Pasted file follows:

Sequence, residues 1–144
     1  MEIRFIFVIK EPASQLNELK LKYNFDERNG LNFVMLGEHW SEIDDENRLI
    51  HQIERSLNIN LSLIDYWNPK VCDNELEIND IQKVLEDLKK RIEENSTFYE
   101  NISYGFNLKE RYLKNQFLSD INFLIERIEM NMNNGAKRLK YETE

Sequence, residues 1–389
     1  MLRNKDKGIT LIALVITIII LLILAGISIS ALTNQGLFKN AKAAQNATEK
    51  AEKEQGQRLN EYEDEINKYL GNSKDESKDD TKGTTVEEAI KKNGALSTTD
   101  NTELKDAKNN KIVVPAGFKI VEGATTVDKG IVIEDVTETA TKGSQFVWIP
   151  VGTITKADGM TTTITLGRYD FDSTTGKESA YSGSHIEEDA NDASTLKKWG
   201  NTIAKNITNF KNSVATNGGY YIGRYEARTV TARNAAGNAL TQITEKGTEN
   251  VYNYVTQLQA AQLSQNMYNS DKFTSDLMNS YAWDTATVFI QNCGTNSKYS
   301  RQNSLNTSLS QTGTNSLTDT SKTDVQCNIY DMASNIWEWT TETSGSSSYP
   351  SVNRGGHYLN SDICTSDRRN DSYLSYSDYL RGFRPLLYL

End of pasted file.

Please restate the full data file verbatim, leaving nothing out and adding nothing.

Sequence, residues 1–144
     1  MEIRFIFVIK EPASQLNELK LKYNFDERNG LNFVMLGEHW SEIDDENRLI
    51  HQIERSLNIN LSLIDYWNPK VCDNELEIND IQKVLEDLKK RIEENSTFYE
   101  NISYGFNLKE RYLKNQFLSD INFLIERIEM NMNNGAKRLK YETE

Sequence, residues 1–389
     1  MLRNKDKGIT LIALVITIII LLILAGISIS ALTNQGLFKN AKAAQNATEK
    51  AEKEQGQRLN EYEDEINKYL GNSKDESKDD TKGTTVEEAI KKNGALSTTD
   101  NTELKDAKNN KIVVPAGFKI VEGATTVDKG IVIEDVTETA TKGSQFVWIP
   151  VGTITKADGM TTTITLGRYD FDSTTGKESA YSGSHIEEDA NDASTLKKWG
   201  NTIAKNITNF KNSVATNGGY YIGRYEARTV TARNAAGNAL TQITEKGTEN
   251  VYNYVTQLQA AQLSQNMYNS DKFTSDLMNS YAWDTATVFI QNCGTNSKYS
   301  RQNSLNTSLS QTGTNSLTDT SKTDVQCNIY DMASNIWEWT TETSGSSSYP
   351  SVNRGGHYLN SDICTSDRRN DSYLSYSDYL RGFRPLLYL